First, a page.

Traditionally, Luhyas practised arranged marriage. The parents of a boy would approach the parents of a girl to ask for her hand in marriage. If the girl agreed, negotiations for dowry would begin. Typically, this would be 12 cattle and similar numbers of sheep or goats, to be paid by the groom’s parents to the bride’s family. Once the dowry was delivered, the girl was fetched by the groom’s sisters to begin her new life as a wife.
Instances of eloping were and are still common. Young men would elope with willing girls, with negotiations for dowry to be conducted later. In such cases, the young man would also pay a fine to the parents of the girl. In rare cases abductions were normal but the young man had to pay a fine. As polygamy was allowed, a middle-aged man would typically have 2 to 3 wives.
When a man got very old and handed over the running of his homestead to his sons, the sons would sometimes find a young girl for the old man to marry. Such girls were normally those who could not find men to marry them, usually because they had children out of wedlock. Wife inheritance was and is also practised. A widow would normally be inherited by her husband’s brother or cousin. Today, wife inheritance is uncommon to non-existent.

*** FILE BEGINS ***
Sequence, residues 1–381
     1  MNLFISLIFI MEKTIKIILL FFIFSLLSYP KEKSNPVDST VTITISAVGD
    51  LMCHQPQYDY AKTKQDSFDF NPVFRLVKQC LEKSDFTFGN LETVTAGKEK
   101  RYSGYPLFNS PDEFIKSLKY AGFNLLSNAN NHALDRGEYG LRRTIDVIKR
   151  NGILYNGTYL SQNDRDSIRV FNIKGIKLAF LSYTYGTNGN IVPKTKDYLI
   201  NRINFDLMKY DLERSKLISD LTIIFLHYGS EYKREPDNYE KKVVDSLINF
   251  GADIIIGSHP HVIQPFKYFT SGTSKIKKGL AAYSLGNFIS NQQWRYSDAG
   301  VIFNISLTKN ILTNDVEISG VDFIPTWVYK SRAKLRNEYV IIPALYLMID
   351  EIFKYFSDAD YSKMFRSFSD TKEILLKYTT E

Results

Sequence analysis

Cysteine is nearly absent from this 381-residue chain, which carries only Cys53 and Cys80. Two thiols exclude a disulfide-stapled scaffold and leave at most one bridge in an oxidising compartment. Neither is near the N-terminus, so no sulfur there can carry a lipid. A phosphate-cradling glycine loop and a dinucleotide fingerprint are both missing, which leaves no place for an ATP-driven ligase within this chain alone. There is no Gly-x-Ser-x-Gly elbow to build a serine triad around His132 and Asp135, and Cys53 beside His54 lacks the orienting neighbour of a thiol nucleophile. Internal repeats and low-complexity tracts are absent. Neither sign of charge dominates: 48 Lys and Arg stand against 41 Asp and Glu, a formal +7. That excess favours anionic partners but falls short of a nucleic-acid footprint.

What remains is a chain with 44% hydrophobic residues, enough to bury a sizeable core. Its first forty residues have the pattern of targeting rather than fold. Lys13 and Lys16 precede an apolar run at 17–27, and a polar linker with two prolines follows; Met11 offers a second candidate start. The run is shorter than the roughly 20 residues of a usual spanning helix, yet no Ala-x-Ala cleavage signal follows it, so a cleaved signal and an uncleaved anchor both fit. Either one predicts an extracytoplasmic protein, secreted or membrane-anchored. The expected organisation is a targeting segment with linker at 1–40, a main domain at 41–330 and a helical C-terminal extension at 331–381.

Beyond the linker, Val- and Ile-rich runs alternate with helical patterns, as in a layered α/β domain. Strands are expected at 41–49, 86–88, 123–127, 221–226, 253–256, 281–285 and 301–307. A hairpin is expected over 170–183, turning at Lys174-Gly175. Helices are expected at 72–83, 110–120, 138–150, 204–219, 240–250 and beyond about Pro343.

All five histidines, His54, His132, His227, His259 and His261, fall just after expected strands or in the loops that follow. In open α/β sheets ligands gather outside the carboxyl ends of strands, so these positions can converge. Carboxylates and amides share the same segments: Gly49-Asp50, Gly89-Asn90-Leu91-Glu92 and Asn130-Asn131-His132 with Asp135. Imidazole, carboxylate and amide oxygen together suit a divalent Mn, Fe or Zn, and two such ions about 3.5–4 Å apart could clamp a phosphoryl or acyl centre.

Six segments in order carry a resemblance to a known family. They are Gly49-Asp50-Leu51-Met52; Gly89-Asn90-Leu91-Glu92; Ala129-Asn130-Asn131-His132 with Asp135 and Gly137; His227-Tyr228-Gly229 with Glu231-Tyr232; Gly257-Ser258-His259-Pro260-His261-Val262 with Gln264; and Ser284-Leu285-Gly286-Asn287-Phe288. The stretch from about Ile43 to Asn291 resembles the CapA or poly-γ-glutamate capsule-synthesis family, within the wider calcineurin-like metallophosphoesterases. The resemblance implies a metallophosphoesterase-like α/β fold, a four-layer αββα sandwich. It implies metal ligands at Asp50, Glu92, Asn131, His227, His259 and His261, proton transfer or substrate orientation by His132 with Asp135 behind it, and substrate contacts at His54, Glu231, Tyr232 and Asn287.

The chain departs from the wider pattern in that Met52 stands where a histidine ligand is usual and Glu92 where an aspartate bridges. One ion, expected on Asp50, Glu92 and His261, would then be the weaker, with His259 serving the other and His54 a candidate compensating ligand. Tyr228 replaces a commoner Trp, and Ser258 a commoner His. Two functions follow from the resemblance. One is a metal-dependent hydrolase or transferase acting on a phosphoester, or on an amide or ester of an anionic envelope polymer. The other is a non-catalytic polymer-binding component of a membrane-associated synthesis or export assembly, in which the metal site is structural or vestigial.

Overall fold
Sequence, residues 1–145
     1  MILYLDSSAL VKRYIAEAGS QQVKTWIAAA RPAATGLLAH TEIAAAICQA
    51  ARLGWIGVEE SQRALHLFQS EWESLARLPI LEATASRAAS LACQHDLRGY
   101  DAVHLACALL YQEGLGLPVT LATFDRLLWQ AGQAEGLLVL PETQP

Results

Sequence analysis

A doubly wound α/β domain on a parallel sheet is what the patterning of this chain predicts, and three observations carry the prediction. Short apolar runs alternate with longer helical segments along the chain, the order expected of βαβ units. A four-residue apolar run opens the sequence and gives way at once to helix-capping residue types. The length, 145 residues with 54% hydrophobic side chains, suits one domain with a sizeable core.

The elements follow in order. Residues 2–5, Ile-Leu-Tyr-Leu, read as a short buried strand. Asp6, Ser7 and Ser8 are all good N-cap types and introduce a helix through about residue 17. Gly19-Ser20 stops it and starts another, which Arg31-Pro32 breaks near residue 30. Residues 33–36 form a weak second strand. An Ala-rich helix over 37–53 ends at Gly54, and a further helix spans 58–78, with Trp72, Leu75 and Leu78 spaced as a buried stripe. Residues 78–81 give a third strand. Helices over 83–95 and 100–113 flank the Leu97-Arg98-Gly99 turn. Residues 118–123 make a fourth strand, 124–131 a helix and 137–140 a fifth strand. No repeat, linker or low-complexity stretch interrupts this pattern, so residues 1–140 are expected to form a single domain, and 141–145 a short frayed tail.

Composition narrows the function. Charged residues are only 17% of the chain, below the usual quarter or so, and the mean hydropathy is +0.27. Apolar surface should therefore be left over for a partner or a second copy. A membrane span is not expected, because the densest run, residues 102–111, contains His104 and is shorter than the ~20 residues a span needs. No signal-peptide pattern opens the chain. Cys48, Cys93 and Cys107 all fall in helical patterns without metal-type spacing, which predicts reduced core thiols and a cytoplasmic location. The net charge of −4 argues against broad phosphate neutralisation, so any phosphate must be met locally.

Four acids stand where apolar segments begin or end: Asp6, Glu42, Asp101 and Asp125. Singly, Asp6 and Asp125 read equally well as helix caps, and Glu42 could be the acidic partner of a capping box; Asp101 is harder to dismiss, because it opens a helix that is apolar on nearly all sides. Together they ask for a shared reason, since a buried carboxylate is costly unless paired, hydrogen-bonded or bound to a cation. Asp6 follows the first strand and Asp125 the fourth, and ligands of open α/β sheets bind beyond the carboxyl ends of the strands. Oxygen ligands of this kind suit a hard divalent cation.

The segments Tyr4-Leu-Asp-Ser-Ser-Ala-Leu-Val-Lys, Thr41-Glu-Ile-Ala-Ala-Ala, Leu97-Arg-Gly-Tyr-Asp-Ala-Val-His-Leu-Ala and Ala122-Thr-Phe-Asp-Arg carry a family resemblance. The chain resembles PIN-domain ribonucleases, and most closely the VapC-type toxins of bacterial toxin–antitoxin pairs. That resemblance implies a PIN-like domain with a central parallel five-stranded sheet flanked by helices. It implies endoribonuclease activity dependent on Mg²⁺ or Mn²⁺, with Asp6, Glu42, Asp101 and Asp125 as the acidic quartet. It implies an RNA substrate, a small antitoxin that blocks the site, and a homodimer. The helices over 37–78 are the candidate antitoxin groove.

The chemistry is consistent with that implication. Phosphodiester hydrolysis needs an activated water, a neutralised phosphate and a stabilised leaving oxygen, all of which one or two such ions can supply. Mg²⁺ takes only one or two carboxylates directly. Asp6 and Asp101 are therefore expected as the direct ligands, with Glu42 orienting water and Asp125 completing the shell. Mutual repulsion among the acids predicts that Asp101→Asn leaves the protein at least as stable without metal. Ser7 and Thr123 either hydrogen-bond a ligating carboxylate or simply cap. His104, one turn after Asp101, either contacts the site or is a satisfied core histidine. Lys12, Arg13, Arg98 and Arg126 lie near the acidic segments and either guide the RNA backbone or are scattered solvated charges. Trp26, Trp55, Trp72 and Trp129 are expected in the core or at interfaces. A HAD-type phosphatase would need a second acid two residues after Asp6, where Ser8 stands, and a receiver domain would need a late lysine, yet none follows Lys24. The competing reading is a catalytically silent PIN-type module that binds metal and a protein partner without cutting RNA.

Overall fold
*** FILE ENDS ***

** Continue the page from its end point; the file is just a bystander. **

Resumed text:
In some cases, the eldest son would also inherit his father’s widows (though not his own mother). Modern day Luhyas do not practice some traditional customs as most have adopted the Christian way of life. Many Luhyas also live in urban towns and cities for most of their lives and only return to settle in the rural areas after retirement or the death of parents in the rural areas.
The Luhya had extensive customs surrounding death. There would be a great celebration at the home of the deceased, with mourning lasting up to forty days. If the deceased was a wealthy or influential man, a big tree would be uprooted and the deceased would be buried there. After the burial another tree, mukumu, would be planted. This was a sacred tree and is found along most Luhya migration paths; it could only be planted by a righteous woman, typically a virgin or an elderly woman).
Nowadays, mourning takes shorter periods of time (about one week) and the celebrations are held at the time of burial. Ovogogo and rovego are post-burial ceremonies held to complete mourning rites.
Animal sacrifices were also traditionally practised. There was great fear of the avaroji (witches) and babini (wizards). These were “night-runners” who prowled in the nude, running from one house to another casting spells.
Most modern day Luhyas are Christians and for some, if not all, the word for God is Nyasaye or Nyasae.